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Jan. 15, 2017 – I’ve used running as an analogy for writing for awhile; as in, train long enough and you’ll run a marathon, park your ass at the keyboard every day and you’ll end up with a book.

10 below!

10 below!

But there’s another way the running/writing comparison works, and that has to do with getting your butt in the chair in the first place. Some days I’d rather do anything than sit at that keyboard. Same with running, especially in winter, when cold and dark and ice are involved. There’s a mantra suggested by run-walk-run guru Jeff Galloway to help you get out of bed and onto the pavement or trail in the morning: Alarm. Feet on the floor. Coffee. It generally works for me, but this morning, with a fun run scheduled and the thermometer registering 10 below, it was a struggle.

Frozen writer

Frozen writer

But I chanted my mantra, got myself out the door, and had a blast. The pancakes served afterward by the Runner’s Edge crew were great and the person who sat the brandy beside the coffee deserves sainthood. Then home, to the keyboard. No alarm needed, but more coffee (with a splash from the flask atop the fridge. You know, because I was still thawing out from the run). By the end of the day, the dreaded synopsis had taken shape.

Butt out the door, or in the chair. Whatever it takes to get it there.

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Jan. 14, 2017 – I’d rather write a whole book than a synopsis. For that matter, I’d rather have root canal than write a synopsis. And yet my editor asked for one, and I adore my editor, so here I sit, typing a synopsis. (Well, no, obviously right now I’m typing some sentences. As a way of avoiding writing a synopsis.)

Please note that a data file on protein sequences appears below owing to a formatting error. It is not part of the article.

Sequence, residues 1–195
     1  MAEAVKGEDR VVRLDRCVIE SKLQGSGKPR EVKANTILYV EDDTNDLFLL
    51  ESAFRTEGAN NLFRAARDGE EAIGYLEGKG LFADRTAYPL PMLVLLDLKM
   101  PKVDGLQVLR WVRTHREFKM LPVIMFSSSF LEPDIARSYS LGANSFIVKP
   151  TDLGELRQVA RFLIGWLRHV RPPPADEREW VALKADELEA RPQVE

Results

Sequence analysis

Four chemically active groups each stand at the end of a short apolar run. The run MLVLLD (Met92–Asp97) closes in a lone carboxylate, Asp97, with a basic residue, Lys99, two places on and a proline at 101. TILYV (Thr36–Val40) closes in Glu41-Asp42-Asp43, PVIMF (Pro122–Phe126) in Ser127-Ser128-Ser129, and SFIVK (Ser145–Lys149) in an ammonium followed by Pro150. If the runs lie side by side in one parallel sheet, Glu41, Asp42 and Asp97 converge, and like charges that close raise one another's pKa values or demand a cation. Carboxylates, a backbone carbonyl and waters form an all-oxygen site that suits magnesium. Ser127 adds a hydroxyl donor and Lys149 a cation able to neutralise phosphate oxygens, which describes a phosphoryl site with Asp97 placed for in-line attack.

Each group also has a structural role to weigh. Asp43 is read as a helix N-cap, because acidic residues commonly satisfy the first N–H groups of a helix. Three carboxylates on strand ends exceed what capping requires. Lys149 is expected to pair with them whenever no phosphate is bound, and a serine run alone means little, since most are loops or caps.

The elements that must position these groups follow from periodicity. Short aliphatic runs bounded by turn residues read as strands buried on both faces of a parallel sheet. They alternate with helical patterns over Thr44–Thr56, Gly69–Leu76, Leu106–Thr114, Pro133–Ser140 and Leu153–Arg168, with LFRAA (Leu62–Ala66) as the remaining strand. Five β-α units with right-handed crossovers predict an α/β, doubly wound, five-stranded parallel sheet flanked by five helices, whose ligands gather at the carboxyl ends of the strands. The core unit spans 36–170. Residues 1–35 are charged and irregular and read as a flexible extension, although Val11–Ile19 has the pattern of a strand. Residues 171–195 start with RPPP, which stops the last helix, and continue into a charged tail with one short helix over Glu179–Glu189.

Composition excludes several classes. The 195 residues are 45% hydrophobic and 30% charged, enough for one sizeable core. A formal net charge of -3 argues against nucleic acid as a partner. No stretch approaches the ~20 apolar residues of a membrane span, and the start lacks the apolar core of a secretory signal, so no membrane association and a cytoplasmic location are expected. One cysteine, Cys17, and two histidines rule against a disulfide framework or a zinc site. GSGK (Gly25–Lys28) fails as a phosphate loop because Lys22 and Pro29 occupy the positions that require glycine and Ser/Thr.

This is when I really envy plotters. All they have to do is condense their obsessive outlines, and voila – synopsis. Confirmed pantser that I am, there is no outline, unless “Lola gets herself into a whole lot of trouble, and some sex” counts, which I’m pretty sure it doesn’t.

But I take heart from one of my favorite authors, Dana Stabenow. A few months ago, I was lucky enough to interview her and she said (Look away, Terri Bischoff, look away!) that “I used to do outlines because they were contractually required but I almost never followed them.”

So here’s a vow to look back at my synopsis a year from now, and see just how closely the finished product hews to it.

 

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Jan. 12, 2017 – When the sky above the coffee shop is this blue, it means I’m way late to writing. Because I slept in. Damn, it felt good.

But damn, I was late this morning. Solution – write fast. Zoomed through 700 words. Today, I’m particularly in love with the theory of shitty first drafts.

 

fullsizerender95Jan. 1, 2017 – Our local running club, Run Wild Missoula, has a great New Year’s Day tradition – a 5K run, followed by soup and rolls. It’s called the Resolution Run, and the idea is that you write your resolution on your race bib.

This year’s race was fine – it was only about 10 degrees, but the predicted snow and wind held off until after it was over. Lots of people posted running resolutions – to finish a marathon, run faster, run more, etc. Mine was different.

A couple of weeks ago, I turned in the third-manuscript in my three-book contract, which leaves me without a book contract for the first time in five years. (Never mind that 20-some contract-free years preceded that lovely five-year stint.) What to do?

There’s only one thing: to keep writing, and trust that the contracts will come. Hence, my resolution. I got back from the run (and the warming post-run shots of Jameson’s) and wrote a thousand words. Onward into 2017!